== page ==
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Friday, July 19, 2019


Planned Parenthood, abortion clinics dwindle due to Texas legislation

Planned Parenthood Infographic (100115)

| Infographic by Josue Diaz

Two abortion clinics remain in the city of Houston because of recent federal and Texas legislation.

Texas House Bill 2 addresses the regulation and procedure of abortions and the facilities providing this service. It was enacted in October 2013 and has since been amended to include several laws that have forced clinics to shut down rapidly, “dramatically (changing) the way Texas women will be able to access reproductive health care,” according to Fund Texas Choice.

Although Texas legislation allows abortions, there are certain regulations restricting the function or presence of abortion clinics. One of the abortion agencies battling this legislation is Planned Parenthood Gulf Coast.

“Women and families have trusted Planned Parenthood for high-quality, affordable health care and information,” said Alejandra Diaz, the Planned Parenthood Gulf Coast Communications Specialist. “But in states around the country, and on a Federal level, politicians are trying to eliminate funding for family planning or block Planned Parenthood’s participation in public health programs.”

“While the attacks vary, the intent to severely undermine women’s ability to receive basic health care — including cancer screenings, well-woman exams and birth control — is the same.”

Planned Parenthood Gulf Coast is an affiliation to Planned Parenthood Federation of America, but specifically targets the Houston area and all of Louisiana. Similarly to PPFA, PPGC focuses on services ranging from sexually transmitted infection tests to health education.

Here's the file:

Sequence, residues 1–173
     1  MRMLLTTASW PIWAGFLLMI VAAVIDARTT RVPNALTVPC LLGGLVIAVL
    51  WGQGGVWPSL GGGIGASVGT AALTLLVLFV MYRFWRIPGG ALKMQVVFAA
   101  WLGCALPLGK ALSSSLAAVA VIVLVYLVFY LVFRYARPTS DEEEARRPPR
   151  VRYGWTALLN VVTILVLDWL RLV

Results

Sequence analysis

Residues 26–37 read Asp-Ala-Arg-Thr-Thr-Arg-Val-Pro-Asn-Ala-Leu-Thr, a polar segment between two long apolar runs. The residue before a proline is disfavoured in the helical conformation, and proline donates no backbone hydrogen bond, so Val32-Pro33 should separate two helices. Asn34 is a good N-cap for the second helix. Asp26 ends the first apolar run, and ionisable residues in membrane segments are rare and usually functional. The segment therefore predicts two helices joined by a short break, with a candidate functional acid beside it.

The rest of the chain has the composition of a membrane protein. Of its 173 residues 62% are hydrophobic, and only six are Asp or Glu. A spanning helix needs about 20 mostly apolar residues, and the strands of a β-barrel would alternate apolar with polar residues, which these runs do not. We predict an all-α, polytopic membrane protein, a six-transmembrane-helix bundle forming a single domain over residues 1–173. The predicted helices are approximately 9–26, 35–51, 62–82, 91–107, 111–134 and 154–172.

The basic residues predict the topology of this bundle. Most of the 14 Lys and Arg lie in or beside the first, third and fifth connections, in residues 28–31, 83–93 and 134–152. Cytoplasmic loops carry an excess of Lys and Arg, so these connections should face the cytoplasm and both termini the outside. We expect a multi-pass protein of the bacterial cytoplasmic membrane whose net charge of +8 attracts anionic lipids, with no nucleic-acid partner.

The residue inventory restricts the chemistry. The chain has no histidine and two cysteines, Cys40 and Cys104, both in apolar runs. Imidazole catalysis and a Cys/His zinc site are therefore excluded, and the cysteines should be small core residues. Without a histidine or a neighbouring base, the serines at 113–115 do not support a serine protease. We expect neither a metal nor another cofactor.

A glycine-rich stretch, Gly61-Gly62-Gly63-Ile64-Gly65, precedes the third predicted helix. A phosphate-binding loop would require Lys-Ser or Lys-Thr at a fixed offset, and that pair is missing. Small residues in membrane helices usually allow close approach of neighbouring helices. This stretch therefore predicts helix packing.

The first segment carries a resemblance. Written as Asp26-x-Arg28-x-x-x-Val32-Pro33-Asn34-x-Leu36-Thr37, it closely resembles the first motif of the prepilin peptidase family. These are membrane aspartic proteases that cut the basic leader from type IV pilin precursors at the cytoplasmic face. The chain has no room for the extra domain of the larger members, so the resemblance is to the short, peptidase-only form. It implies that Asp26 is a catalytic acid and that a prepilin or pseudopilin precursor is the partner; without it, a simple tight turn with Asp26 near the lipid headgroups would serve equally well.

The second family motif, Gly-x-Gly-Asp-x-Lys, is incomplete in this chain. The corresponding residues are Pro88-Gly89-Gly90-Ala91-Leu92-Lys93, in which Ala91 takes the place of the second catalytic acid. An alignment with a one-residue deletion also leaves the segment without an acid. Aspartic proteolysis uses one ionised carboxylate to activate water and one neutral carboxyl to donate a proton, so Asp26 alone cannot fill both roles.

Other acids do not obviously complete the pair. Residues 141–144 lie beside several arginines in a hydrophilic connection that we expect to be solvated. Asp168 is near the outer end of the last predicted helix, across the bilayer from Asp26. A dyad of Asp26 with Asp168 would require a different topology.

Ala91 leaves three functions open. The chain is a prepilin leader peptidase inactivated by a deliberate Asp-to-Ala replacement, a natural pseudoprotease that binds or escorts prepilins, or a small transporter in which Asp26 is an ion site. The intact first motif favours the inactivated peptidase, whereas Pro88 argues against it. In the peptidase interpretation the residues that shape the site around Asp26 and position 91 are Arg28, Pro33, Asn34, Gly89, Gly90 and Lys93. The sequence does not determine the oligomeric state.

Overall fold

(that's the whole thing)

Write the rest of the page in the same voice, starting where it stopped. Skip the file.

Despite PPGC claims of service, they must adhere to the regulations of HB2. Specific restrictions are that abortion doctors must have admitting privileges at a hospital within 30 miles of the abortion clinic, abortions after 20 weeks are illegal unless a case of severe fetal abnormality or risk of woman’s death, prompting the medical judgement of a physician, and all abortion clinics must be ambulatory surgical centers.

In 2012, Texas housed 41 abortion clinics. In June 2014, after a second wave of enforcement of HB2, two abortion clinics lie in Houston, two in Dallas, two in San Antonio, one in Austin, one Fort Worth and one in McAllen for a total of nine.

Texas Attorney General Ken Paxton believed it was a just decision, however, for the sake of establishing safe standards of health care, as stated in an interview with the Texas Tribune.

“HB2 protects the unborn and ensures Texas women are not subjected to unsafe and unhealthy conditions,” Paxton said.

This battle between Planned Parenthood’s abortion services and Texas legislation dates back to 2012 when an “Affiliate Ban Rule” was implemented under Gov. Rick Perry and Human Services Commission with the intent to “to block Planned Parenthood from the Medicaid Women’s Health Program,” Diaz said.

According to PPGC, they have met high medical standards informed by the Centers for Disease Control, the American College of Obstetrics and Gynecology and other leading health and medical groups.

Planned Parenthood has been under the spotlight for the past few months, after the Center for Medical Progress released a series of videos of officials discussing the sale of fetal tissue. Congress is debating whether or not the federal government should strip Planned Parenthood of its $460 million in funding due to misspending.

With a potential loss of federal funding, the question arises of what exactly can a loss of funding do to Planned Parenthood and abortion clinics in the state of Texas, as well as to Houstonians who rely on the health care services both agencies provide.

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